NYS Legislature Passes Bipartisan Bill to Protect Child Trafficking Victims
by Debra Brown Steinberg
On June 21, 2013, the New York legislature passed a bipartisan bill (A08071-A, S05839-A)1 authorizing criminal court judges to treat sixteen- and seventeen-year-old sexually exploited children as victims in need of services, rather than prosecuting them as adults on prostitution-related charges. Although the legislation stops short of prohibiting the charging or prosecution of these prostituted children, it nevertheless provides a mechanism within the criminal justice system for treating them as victims, for expunging “[a]ny adverse findings and all records of the [criminal court] investigation and proceedings relating to such charge[s],” and for offering them the same services that younger children arrested on prostitution-related charges currently receive in Family Court proceedings.2 Governor Cuomo has not yet signed the bill into law.
The legislation would authorize a criminal court judge, at any stage of a case charging a sixteen- or seventeen-year-old with a prostitution-related offense, to “convert [on consent] such charge and retain it as a person in need of supervision [PINS] proceeding for all purposes” and “to grant [the defendant] any relief available under [the PINS provisions] of the Family Court Act.”3 In the event that the defendant does not consent to a PINS proceeding, and a conviction or plea of guilty results, then “the court must find that the person is a youthful offender… .”4 Any adverse findings and all records of investigations or proceedings in cases charging sixteen- or seventeen-year-olds with prostitution-related offenses must be “promptly expunged upon the person’s eighteenth birthday or the conclusion of the proceedings on the charge before the court, whichever occurs later.”5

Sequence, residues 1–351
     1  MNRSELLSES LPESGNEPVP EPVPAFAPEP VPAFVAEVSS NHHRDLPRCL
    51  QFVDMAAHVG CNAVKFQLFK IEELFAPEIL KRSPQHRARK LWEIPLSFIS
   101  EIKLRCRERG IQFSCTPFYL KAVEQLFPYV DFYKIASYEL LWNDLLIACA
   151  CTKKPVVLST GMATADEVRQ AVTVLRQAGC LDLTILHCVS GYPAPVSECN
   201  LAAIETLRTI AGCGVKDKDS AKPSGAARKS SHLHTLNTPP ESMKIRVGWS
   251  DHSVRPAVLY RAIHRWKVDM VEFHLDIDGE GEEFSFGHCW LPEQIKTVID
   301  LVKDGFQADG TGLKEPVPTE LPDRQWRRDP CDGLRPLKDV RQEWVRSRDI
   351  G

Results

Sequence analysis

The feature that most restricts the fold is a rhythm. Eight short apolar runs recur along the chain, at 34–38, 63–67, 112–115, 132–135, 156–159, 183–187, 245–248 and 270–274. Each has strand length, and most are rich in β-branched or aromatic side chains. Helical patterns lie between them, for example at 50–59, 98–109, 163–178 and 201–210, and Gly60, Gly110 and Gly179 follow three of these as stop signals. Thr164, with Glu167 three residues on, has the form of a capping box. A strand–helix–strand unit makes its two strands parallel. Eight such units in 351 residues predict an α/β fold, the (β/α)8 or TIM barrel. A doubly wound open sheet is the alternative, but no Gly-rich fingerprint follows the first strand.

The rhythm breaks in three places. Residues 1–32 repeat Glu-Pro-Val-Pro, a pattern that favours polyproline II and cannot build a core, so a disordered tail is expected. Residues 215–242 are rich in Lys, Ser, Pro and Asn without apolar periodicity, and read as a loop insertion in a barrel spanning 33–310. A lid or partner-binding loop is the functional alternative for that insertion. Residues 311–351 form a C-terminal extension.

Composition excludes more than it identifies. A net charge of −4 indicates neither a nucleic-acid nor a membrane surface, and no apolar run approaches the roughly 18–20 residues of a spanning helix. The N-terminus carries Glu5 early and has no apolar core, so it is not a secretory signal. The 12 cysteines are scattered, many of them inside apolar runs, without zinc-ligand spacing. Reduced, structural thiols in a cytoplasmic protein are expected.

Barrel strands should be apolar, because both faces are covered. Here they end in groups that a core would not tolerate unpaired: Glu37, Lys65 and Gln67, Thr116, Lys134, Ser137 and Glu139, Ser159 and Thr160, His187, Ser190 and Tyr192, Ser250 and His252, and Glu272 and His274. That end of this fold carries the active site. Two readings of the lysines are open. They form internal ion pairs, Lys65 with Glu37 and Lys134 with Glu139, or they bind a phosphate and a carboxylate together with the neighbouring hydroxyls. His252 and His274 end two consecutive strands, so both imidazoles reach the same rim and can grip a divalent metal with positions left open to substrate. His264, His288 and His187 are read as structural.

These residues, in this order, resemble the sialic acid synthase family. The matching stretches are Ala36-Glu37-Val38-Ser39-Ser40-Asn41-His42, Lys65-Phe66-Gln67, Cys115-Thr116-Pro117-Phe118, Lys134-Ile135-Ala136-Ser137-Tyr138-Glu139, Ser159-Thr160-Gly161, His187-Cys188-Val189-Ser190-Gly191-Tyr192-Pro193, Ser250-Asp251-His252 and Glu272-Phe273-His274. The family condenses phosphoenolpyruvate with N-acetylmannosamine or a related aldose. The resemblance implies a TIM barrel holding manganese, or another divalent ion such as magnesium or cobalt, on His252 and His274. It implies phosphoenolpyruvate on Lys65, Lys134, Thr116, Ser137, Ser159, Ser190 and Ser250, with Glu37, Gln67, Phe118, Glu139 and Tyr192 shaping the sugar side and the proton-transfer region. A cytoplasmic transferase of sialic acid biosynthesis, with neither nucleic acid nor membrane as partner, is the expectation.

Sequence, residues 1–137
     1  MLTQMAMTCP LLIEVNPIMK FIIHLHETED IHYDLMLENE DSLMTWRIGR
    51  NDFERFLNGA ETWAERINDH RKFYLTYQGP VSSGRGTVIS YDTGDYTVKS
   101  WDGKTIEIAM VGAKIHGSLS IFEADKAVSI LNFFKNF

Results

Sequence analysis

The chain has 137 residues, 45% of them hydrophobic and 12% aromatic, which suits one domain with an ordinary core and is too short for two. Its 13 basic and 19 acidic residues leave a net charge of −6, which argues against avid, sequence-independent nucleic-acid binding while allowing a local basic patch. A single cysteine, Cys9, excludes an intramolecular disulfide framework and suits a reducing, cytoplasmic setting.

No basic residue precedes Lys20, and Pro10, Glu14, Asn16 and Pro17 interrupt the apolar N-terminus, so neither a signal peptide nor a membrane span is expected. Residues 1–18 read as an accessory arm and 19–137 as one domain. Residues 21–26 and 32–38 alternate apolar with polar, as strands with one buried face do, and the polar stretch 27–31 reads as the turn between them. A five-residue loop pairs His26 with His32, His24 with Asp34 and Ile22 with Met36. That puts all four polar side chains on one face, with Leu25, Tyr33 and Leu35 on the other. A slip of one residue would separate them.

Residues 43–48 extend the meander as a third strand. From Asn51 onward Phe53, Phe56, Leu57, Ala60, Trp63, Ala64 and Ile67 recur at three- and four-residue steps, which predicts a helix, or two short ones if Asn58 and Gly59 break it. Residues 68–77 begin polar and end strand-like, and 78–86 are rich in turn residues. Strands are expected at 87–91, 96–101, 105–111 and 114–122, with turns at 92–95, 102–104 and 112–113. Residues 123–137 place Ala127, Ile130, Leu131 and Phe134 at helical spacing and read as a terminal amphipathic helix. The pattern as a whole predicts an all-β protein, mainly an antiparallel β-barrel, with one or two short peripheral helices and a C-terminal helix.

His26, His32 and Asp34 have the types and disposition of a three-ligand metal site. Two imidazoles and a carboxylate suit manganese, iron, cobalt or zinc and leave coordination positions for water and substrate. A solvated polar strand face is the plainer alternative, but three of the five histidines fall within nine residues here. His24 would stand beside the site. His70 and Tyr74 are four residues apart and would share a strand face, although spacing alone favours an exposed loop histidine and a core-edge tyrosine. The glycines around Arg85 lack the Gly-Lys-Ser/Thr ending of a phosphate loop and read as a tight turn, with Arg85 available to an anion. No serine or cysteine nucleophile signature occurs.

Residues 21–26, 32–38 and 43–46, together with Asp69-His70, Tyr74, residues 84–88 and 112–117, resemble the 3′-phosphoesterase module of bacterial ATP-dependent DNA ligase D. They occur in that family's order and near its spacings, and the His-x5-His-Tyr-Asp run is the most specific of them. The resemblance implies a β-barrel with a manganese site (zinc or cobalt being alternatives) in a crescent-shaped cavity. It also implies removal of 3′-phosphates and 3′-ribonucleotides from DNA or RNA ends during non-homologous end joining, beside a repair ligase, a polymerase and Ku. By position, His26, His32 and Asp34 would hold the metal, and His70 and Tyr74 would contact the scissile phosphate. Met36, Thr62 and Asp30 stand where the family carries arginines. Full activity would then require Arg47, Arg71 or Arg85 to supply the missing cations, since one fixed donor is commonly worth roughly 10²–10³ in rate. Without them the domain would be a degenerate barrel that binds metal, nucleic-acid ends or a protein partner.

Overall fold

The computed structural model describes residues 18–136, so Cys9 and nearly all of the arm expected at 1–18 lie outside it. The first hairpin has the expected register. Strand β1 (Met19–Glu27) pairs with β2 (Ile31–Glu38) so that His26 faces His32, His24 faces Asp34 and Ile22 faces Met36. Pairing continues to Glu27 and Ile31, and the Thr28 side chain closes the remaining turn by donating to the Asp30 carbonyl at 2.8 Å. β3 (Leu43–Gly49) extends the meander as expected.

This bill is an important step in the right direction, and we urge Governor Cuomo to sign it into law. We applaud the partnership of committed frontline advocates led by the New York State Anti-Trafficking Coalition, its member organizations, and the New York Center for Juvenile Justice; New Yorkers across the State, who called on their elected representatives to protect child trafficking victims; and the contributors to VS., who joined us in carrying the message to Albany. We stand together in calling on Albany to pass additional reforms, proposed by Governor Cuomo, which will position New York as a model jurisdiction in the national campaign against human trafficking.
New York State Bill Numbers A08071-A/S05839-A, entitled “An act to amend the criminal procedure law, in relation to the treatment of certain juveniles for certain prostitution offenses,” available at http://assembly.state.ny.us/leg/?term=2013&bn=A08071 and http://assembly.state.ny.us/leg/?term=2013&bn=S05839. ↩